1911 Recoil Spring Replacement Chart- For Better Pistol Performance

Colt, Rock Island, Springfield and Kimber 1911 Recoil Spring Replacement Guide

1911 Recoil spring
1911 Recoil spring

The recoil spring on any semi-automatic gun is critical to the proper performance of the firearm. Each spring has a particular rating relating to how many pounds of force it takes to compress it by one inch. When a spring undergoes many compressions over time, it will become weaker. I have created a chart below listing the correct replacement recoil springs for popular 1911 models.

Springs wear out and need to be replaced at a particular interval to avoid issues with the recoil operation of your gun. When a recoil spring starts to become weak, it may cause malfunctions as the timing of the slide cycle will be off. The weak spring will allow the slide to travel backwards too fast, possibly resulting in stovepipes, or Type 2 malfunctions. It is also possible that the gun will not go into battery (the slide is all the way forward), and will not fire as a result.

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It is best to avoid these potential issues by replacing your recoil spring at the manufacturers recommended interval. See my tutorial on How to Replace a Recoil Spring on a Kimber Pro Carry 1911.

A 1911, when operating properly, should eject spent brass and throw it about 6-8 feet to the right and slightly to the rear (unless you have a left-handed gun). If it throws the brass further, this indicates the slide is moving too fast, thus throwing the brass with more momentum. This can be indicative of a weak spring.

Here are some links directly to the springs you want at Brownells:

1911 Government size recoil springs

1911 Commander size recoil springs

1911 Officers size recoil springs 

1911 Parts, Magazines, Tools, Upgrades, Drop-In Triggers, etc.

1911 Recoil Springs at Brownells
1911 Recoil Springs at Brownells

I have collected information for Colt, Armscor-Rock Island, Kimber and Springfield 1911 models in several calibers and barrel lengths. It is important to use the correct recoil spring on your firearm.

If you have some questions about the correct spring weight for your 1911, you can read this in-depth article on 1911 Auto Recoil Spring Compression Weights by Dave Koebensky of W. C. Wolff Company & Brownells GunTechs.

Here is a recoil spring replacement guide to help you know how often to replace the recoil and other springs in your 1911 pistol. I will be adding new manufacturers and information as I get it.

Here is a link to Recoil Springs at Palmetto State Armory for great prices on Wilson Combat quality recoil Springs.

Disclaimer: kydexowbholsters.com may receive a commission from purchases made through the links on this page. We appreciate using these links as it makes it possible to keep this website running!

ManufacturerCaliberGun ModelBarrel LengthRecoil Spring Replacement IntervalRecoil Spring Rating lbs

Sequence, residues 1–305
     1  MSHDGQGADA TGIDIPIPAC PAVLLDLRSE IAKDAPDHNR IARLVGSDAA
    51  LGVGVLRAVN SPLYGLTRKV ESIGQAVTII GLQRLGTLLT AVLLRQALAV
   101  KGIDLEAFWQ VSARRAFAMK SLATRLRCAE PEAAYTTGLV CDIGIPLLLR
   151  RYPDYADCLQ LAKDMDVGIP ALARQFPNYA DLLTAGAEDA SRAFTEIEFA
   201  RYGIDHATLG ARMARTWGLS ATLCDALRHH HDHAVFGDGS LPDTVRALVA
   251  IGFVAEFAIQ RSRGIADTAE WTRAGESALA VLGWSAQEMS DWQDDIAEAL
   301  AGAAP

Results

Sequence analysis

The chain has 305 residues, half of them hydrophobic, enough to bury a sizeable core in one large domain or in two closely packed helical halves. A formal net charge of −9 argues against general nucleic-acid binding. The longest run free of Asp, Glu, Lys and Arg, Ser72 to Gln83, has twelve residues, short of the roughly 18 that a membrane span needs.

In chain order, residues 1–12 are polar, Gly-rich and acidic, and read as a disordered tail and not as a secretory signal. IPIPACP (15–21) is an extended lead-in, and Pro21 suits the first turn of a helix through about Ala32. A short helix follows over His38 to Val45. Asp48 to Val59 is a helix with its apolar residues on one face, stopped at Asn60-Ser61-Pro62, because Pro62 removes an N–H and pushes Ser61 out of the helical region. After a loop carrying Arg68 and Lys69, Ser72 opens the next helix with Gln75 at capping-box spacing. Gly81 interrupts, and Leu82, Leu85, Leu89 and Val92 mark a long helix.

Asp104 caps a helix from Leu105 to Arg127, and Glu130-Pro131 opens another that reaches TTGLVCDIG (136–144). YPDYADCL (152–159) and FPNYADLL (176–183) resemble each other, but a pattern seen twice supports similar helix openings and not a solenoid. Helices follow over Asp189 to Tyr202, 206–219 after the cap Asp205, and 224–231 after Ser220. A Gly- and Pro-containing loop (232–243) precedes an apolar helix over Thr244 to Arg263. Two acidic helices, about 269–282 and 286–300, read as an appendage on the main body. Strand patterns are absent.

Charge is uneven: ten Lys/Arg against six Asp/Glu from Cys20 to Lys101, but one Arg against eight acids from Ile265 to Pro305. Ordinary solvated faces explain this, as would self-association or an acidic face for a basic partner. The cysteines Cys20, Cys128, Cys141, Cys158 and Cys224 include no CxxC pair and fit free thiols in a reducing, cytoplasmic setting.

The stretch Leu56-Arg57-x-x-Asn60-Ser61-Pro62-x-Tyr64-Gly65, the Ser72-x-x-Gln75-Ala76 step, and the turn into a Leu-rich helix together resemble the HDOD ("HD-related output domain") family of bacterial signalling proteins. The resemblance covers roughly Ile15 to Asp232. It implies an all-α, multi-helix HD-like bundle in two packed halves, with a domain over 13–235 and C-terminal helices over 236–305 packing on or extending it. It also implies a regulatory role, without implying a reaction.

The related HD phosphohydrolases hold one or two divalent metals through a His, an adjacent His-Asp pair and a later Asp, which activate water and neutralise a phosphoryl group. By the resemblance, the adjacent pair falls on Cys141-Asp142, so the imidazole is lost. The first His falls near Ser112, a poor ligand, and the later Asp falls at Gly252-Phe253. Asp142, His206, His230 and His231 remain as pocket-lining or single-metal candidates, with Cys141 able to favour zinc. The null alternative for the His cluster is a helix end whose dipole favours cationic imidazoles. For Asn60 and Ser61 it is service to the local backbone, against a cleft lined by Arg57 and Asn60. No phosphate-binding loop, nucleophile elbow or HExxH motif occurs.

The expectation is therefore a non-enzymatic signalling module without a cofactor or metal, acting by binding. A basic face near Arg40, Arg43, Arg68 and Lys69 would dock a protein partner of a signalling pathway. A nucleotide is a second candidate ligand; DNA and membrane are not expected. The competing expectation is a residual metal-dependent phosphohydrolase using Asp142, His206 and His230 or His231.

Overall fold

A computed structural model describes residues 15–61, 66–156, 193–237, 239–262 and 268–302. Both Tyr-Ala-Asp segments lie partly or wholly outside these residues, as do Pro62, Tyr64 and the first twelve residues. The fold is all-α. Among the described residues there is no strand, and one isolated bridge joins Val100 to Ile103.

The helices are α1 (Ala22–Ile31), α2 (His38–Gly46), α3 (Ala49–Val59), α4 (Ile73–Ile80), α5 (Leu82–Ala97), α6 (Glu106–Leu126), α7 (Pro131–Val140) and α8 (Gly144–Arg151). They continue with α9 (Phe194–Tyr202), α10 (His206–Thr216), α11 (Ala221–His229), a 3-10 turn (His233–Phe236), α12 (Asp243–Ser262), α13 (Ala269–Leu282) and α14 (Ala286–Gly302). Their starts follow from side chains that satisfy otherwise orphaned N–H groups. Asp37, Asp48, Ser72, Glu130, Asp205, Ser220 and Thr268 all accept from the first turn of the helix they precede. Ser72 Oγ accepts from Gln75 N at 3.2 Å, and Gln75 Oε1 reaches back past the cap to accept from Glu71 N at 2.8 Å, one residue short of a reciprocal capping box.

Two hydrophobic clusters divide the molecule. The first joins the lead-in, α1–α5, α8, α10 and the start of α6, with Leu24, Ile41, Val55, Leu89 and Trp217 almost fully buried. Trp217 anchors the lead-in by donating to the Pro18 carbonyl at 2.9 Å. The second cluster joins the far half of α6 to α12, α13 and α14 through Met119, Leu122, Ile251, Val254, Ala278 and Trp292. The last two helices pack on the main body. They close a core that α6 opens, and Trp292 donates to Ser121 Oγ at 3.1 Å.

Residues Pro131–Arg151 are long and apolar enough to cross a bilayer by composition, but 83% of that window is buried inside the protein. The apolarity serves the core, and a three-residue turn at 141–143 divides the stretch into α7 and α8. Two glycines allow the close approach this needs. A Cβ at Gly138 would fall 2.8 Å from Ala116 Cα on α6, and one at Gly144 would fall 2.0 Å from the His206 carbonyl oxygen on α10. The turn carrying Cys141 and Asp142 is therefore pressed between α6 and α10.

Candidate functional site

Armscor -Rock Island.45 ACPFull Size5"1,500- 2,000 Rounds18
Armscor -Rock Island.45 ACPMid Size4.25"1,500- 2,000 Rounds20
Armscor -Rock Island.45 ACPCompact Size3.5"1,500- 2,000 Rounds24
Armscor -Rock Island.40 Full Size5"1,500- 2,000 Rounds16
Armscor -Rock Island.40 Mid Size4.25"1,500- 2,000 Rounds20
Armscor -Rock Island.40Compact Size3.5"1,500- 2,000 Rounds20
Armscor -Rock Island9mmFull Size5"1,500- 2,000 Rounds12
Armscor -Rock Island9mmMid Size4.25"1,500- 2,000 Rounds14
Armscor -Rock Island9mmCompact Size3.5"1,500- 2,000 Rounds16
Armscor -Rock Island10mmFull Size5"1,500- 2,000 Rounds20
Colt.45 ACPGovernment Model5"1,500- 2,000 Rounds16
Colt.40Government Model5"1,500- 2,000 Rounds19
Colt.38 SuperGovernment Model5"1,500- 2,000 Rounds14
Colt9 mmGovernment Model5"1,500- 2,000 Rounds14
Colt.45 ACPCommander Series4.25"1,500- 2,000 Rounds18
Colt.38 SuperCommander Series4.25"1,500- 2,000 Rounds16
Colt9 mmCommander Series4.25"1,500- 2,000 Rounds16
Armscor -Rock Island10 mmMid Size4.25"1,500- 2,000 Rounds24
Kimber10 mmCustom/Target Models5"1,500 Rounds18.5
Kimber9 mmCustom/Target Models5"1,800 Rounds12
Kimber.38 SuperCustom/Target Models5"1,800 Rounds14
Kimber.45 ACP, .40Pro/Compact Models4"800 Rounds22
Kimber.38 SuperPro/Compact Models4"800 Rounds20
Kimber9mmPro/Compact Models4"800 Rounds14
Kimber.45 ACP (outer spring)Ultra Models3"1,50018
Kimber9mm (outer spring)Ultra Models3"1,50016
KimberAll Calibers (inner spring and guide rod assembly)Ultra Models3"5,00019
Springfield.45 ACPMIL-Spec Model5"1,500- 2,000 Rounds16
Springfield.45 ACPChampion Model4"1,500- 2,000 Rounds18

Thanks for checking out  the 1911  Recoil Spring Replacement chart. If you have questions or comments please leave them in the comment section below.

4 thoughts on “1911 Recoil Spring Replacement Chart- For Better Pistol Performance”

  1. Hello,
    I am trying to find out what it would take to change the spring in a Colt Commander chambered in .38 super so that it would cycle the .38 auto/acp. I have an older Colt (1903 Pocket Hammer) that is chambered in .38 rimless auto/acp. I am trying to make it so I have no .38 super ammunition in my possession so as to avoid the mistake of getting a .38 super accidently loaded into my 1903 and blowing up a piece of history. Not to mention what it might do to me or whoever happened to be firing the pistol at that time!
    I think it would be safer (for me and the 1903 pistol) if I had ONLY .38 auto/acp in my ammo stash, thereby making SURE there were no accidental chamberings of the wrong round.
    Do you have any information about what spring weight/poundage/strength (? not sure what there right term would be) to put into the Commander so it would cycle the .38 auto/acp? Both cartridges are exactly identical except for the powder loadings so it should not take much to get the Commander to cycle the lower powered cartridge.
    Thanks,
    Matt

    Reply

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